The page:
I’m putting my heart on the line today. While you are getting up and beginning your day tomorrow I will be getting ready to have surgery, getting checked in, receiving anesthesia. Those who know me in real life know that I have been ill for the past seven months, not enough to kill me, obviously, but enough to prevent me from doing many things I love, what with the pandemic.
So I’m just going to lay this post out there for you to read while I’m unconscious. I’m trying not to be maudlin, but in case anything should happen, I’d like to have taken leave of this space with some forethought. Later I may look back on this with some embarrassment, but I know I won’t regret it.
This post is for my moderate friends and acquaintances. Your careful weighing of issues of race these days has been breaking my heart. You are so knowledgable, you bring so much life experience to your decisions and you mean well.
But even with all of your years of good works and nuanced thinking you cannot see what an enormous an obstacle your whiteness is. You cannot see over it. It is your filter, your daily view, your world. You say that issues about SRO’s in our schools aren’t “black and white.” You are proud to say that. It makes you feel better than people with loud voices and strong opinions. Process matters a lot to you. People who make demands make you uncomfortable. In your world, they’re not crusaders for justice. They’re bullies. Sneaky. Mean.
If you recognize yourself even an inkling in my description I ask you this: what are your Black and Brown friends saying about this issue?When you have discussions with the parents of Black and Brown students - - or the students themselves - - about how school policing affects them, what do they say?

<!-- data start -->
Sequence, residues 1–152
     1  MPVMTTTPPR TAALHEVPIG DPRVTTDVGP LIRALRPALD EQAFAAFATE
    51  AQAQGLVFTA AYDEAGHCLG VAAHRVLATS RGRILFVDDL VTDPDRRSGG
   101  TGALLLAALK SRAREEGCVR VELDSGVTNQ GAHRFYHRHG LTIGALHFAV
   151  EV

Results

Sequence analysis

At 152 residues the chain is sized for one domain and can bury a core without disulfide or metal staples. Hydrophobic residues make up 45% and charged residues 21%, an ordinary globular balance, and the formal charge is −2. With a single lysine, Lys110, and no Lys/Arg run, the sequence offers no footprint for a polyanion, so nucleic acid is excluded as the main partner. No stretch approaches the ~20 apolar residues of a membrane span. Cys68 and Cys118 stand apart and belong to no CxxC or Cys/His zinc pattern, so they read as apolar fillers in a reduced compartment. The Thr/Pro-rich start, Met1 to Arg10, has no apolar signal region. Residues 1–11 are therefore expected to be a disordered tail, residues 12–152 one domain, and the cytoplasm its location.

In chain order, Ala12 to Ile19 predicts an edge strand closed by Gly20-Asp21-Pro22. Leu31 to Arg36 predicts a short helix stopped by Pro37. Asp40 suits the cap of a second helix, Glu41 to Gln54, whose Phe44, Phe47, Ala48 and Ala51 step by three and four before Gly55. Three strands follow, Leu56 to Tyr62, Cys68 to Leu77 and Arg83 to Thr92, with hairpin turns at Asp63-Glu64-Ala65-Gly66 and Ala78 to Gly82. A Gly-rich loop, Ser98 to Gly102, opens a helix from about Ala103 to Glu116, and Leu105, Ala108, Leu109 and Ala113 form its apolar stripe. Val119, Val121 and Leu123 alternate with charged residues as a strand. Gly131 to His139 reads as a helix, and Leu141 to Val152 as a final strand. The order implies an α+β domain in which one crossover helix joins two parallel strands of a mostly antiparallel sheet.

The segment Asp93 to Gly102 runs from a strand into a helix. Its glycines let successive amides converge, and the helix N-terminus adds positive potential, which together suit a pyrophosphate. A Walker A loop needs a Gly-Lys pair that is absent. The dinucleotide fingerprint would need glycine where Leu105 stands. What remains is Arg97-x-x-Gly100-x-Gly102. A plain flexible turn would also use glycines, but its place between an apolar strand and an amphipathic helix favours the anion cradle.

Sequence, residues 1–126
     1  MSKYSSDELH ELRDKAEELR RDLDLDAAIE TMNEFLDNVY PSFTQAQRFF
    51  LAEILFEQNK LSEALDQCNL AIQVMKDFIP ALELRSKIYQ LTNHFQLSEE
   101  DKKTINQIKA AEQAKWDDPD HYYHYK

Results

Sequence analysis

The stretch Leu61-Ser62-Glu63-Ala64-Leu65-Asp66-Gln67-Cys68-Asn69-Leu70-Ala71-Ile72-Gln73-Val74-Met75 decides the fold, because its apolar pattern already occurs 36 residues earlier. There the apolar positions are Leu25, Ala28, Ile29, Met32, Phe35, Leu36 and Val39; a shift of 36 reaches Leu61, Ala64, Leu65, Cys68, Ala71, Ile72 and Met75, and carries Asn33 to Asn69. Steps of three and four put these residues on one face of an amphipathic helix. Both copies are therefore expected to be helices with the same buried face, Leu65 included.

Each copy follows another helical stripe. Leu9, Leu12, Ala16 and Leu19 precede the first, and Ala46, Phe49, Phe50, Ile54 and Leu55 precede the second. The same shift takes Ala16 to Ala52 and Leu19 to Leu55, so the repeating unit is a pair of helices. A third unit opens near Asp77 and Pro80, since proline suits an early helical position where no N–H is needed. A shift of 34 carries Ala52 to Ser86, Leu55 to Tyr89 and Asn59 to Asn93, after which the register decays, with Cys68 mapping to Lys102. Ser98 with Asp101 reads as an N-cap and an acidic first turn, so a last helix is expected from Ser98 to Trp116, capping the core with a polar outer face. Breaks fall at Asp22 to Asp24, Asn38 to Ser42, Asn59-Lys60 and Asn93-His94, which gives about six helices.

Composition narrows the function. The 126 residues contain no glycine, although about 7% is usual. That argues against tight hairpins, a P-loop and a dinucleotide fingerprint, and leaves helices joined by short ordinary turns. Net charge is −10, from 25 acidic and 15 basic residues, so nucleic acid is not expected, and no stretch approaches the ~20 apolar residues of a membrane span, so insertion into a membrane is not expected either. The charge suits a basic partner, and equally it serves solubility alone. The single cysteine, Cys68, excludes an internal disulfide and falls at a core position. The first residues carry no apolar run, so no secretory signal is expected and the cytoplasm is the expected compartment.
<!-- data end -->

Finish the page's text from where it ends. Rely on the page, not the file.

From what I can see you aren’t having those conversations because those people aren’t in your “bubble”. If you do have any non-white friends in your circle they may not feel comfortable having these conversations with you. Or you just don’t know these people at all.
There are plenty of reasons why we as whites people are perpetually self-insulating from those who are not like us. Right now, as I see our community wrestle with the racist repercussions from school policing, I think that most of all we don’t want to see the reality and feel the injustice on the inside. On our side of the bubble. For a white person to draw a line in between themselves as a sort of high-minded “moderate” on an issue which is harmful almost entirely to Black and Brown students and families is not intellectually admirable. It is morally bankrupt.
There’s a reason people are loud and angry. There’s a reason people make demands: because we have hurt them and hurt them and put their concerns on the outside of our fluffy bubble of process and politeness and whiteness.
If you are having heart-to-heart talks with your friends on social media about how people don’t understand how complicated this SRO thing is, and your good friends are holding your hands and reassuring you about it, and all of you are white, white, white: something is wrong. Look at the people who are harmed by school policing. Are these people in your bubble? Would you be willing to have uncomfortable conversations with them? Are you willing to make mistakes and learn you are wrong, get your feelings hurt and still push yourself to be better and work for justice?
Even if justice makes you uncomfortable?
I’ve said that I’m not going to write about the Board of Education race this year, and so far I’ve held to that. But I’d like to leave you with one thought: no one should be serving students and families in Howard County and still feel content to operate almost completely in a world of whiteness. That is not what the job entails. We cannot keep electing people who can insulate themselves from the harm being done to others.
I admit that the events on my schedule for tomorrow are weighing heavily on me. It’s been a rough seven months. Maybe we can do some work together after I’m on the mend.